Anti Money Laundering (AML) in New Zealand
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|Money laundering in New Zealand is a not a pervasive problem. New Zealand maintains a strong Anti-Money Laundering (AML) system in an effort to protect against the potential for money laundering and terrorist financing. New Zealand is among one of the many countries committed to combating money laundering and terrorist financing by implementing the FATF’s standards. Article 7 of the UN Convention Against Transnational Organized Crime, which New Zealand ratified in 2002, requires institutions to establish robust AML/CFT regulatory and supervisory regimes for the banking and non-banking sector.
In October 2009, the FATF published its mutual evaluation report on New Zealand. A second report was produced in October 2013 detailing a description of the actions taken by New Zealand in respect of all recommendations noted in the 2009 report.
The legislative measures New Zealand has in place for combating money laundering and terrorist financing are sound. Over time, the country has effectively enhanced and improved those measures. Although evaluators have identified some changes that would enhance the system, a number of these changes have already been made while others are being considered by the government.
In December 2003, New Zealand also signed the United Nations Convention Against Corruption. Article 14 of that Convention requires State Parties to implement comprehensive AML measures and to use the standards established by international and regional AML bodies (such as the FATF) as a guideline. Recently, the United Nations Security Council strongly urged UN member states to comply with FATF standards (Security Council Resolution No. 1617, 29 July 2005).
In 2009, the Anti-Money Laundering and Countering Financing of Terrorism Act 2009 (AMLCFTA) was passed and came into effect in 2013.
The Economy of New Zealand
Historically, New Zealand's economy has been based on a foundation of agricultural exports including dairy, fruit, vegetables, and meats. In addition, the economy has benefitted by maintaining strong economic relations with Australia. Currently, the countries are partners in Closer Economic Relations (CER), which promotes free trade between New Zealand and Australia. This dynamic partnership has enhanced business and manufacturing services operations throughout both regions.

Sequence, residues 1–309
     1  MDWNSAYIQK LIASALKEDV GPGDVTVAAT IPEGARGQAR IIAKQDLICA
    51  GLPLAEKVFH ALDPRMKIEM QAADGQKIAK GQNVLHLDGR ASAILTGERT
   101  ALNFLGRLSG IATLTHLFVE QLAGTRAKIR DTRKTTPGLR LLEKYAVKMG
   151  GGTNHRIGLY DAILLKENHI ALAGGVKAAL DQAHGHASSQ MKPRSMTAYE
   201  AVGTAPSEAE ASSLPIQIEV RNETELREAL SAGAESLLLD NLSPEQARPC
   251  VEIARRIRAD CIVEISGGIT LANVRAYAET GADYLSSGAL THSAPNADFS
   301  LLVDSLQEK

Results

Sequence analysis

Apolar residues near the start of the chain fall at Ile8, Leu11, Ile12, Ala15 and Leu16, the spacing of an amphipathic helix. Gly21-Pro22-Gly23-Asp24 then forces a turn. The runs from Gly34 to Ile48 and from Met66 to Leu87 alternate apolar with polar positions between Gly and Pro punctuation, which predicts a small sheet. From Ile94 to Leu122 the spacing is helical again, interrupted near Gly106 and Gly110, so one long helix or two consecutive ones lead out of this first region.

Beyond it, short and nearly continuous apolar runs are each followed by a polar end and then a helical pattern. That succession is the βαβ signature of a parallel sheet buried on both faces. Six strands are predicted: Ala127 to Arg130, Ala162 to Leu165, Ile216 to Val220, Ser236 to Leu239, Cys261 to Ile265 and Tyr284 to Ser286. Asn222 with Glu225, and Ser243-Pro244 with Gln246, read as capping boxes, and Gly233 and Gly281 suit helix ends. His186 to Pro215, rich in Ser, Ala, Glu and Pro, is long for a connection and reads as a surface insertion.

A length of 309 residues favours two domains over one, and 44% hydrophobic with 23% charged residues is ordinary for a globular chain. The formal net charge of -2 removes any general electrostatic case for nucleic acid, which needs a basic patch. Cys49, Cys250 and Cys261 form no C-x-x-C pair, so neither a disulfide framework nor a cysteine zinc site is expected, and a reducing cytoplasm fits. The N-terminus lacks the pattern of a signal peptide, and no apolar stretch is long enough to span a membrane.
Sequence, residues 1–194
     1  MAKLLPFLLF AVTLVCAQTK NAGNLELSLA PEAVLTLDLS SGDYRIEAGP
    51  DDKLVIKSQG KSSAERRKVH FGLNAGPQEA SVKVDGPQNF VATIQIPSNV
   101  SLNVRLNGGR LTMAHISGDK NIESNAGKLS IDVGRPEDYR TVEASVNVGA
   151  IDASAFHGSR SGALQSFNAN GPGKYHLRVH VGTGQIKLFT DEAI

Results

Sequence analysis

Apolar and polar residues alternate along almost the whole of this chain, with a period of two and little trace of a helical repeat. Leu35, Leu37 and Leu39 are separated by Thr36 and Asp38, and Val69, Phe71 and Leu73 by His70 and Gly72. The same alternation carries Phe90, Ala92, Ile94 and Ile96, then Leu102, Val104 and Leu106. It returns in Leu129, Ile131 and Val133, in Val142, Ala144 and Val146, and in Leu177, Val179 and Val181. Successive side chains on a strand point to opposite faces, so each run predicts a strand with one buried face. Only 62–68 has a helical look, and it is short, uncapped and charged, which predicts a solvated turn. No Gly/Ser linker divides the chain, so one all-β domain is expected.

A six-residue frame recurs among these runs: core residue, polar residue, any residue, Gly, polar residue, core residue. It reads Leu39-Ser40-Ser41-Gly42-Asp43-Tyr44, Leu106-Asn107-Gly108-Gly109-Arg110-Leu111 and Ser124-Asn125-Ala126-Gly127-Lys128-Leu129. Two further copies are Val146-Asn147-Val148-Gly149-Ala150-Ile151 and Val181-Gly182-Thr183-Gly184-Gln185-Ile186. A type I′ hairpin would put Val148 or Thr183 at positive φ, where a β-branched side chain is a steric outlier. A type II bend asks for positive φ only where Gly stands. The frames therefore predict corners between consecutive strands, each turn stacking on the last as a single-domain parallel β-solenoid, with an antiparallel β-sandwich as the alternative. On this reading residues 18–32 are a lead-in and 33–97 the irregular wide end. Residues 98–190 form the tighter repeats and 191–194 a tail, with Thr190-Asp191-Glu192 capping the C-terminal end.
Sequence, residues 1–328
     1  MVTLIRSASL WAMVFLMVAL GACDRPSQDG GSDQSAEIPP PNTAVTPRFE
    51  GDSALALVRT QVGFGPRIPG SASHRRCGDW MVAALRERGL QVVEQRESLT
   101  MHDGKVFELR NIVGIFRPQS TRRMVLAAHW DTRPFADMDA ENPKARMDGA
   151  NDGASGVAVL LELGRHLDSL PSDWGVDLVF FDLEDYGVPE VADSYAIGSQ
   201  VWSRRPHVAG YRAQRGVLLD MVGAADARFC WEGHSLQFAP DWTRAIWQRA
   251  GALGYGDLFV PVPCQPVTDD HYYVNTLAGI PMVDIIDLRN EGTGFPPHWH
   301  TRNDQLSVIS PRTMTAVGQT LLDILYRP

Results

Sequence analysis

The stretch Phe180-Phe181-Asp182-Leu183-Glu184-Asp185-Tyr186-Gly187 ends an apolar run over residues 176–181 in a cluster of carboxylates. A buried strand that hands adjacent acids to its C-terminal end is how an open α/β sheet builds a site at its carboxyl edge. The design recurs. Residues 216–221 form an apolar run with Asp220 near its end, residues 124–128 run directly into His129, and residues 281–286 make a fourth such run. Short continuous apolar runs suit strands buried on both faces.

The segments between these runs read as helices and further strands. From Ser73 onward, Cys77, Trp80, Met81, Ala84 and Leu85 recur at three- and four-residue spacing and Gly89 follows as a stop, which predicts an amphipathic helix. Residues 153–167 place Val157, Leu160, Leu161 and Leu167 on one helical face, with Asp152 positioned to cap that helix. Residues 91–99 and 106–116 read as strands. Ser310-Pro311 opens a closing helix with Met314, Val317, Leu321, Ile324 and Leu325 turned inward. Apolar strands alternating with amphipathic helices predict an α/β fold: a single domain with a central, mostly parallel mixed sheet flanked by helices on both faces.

Over the past 20 years, the Government of New Zealand has successfully transitioned the country from an agrarian economy to a more industrialized, free market economy. As a result, the country per capita income has increased for eight consecutive years and topped off in 2007 at US $27,300 in purchasing power parity terms. The unemployment rate dropped drastically from 7.8% in 1999 to 3.2% in December 2007 further demonstrating the resiliency of New Zealand’s economy.
Banking In New Zealand
All banks operating in New Zealand are required to register with the Reserve Bank of New Zealand. Established in 1934, the Reserve Bank of New Zealand is the central bank of New Zealand and upholds its role as a predominantly policy-driven organization. According to the Reserve Bank of New Zealand Act 1989, the purpose of the central bank is to:
Currently, there are 18 banks registered with Reserve Bank of New Zealand, including the Bank of New Zealand (BNZ), which is one of the largest and oldest banks in the country. The first branch of BNZ opened in 1861 and has enjoyed over 150 years of banking in the region with more than 192 branches to its name. In October of 2008, the Bank of New Zealand responded to changes in the New Zealand way of life and officially changed its name to BNZ, updating its logo and advertising efforts.
Currency in New Zealand
New Zealand’s currency is the New Zealand Dollar (NZD). In addition to circulating throughout New Zealand, it is also employed in the Niue, Tokelau, Pitcairn, and Cook Islands. The NZD distinguishes itself as being one of the sixteen most traded currencies in the world.
The NZD is generally written with the dollar sign $, or NZ$. The NZD is commonly referred to as the "Kiwi" by the public. Like the United States dollar, the NZD is divided into 100 cents.
Other Key Statistics of New Zealand
Time Zone: NZST (UTC+12).
Location: Oceania, islands in the South Pacific Ocean, southeast of Australia.
Population: 4,570,038 (2014 estimate.)
Languages Spoken: English (official).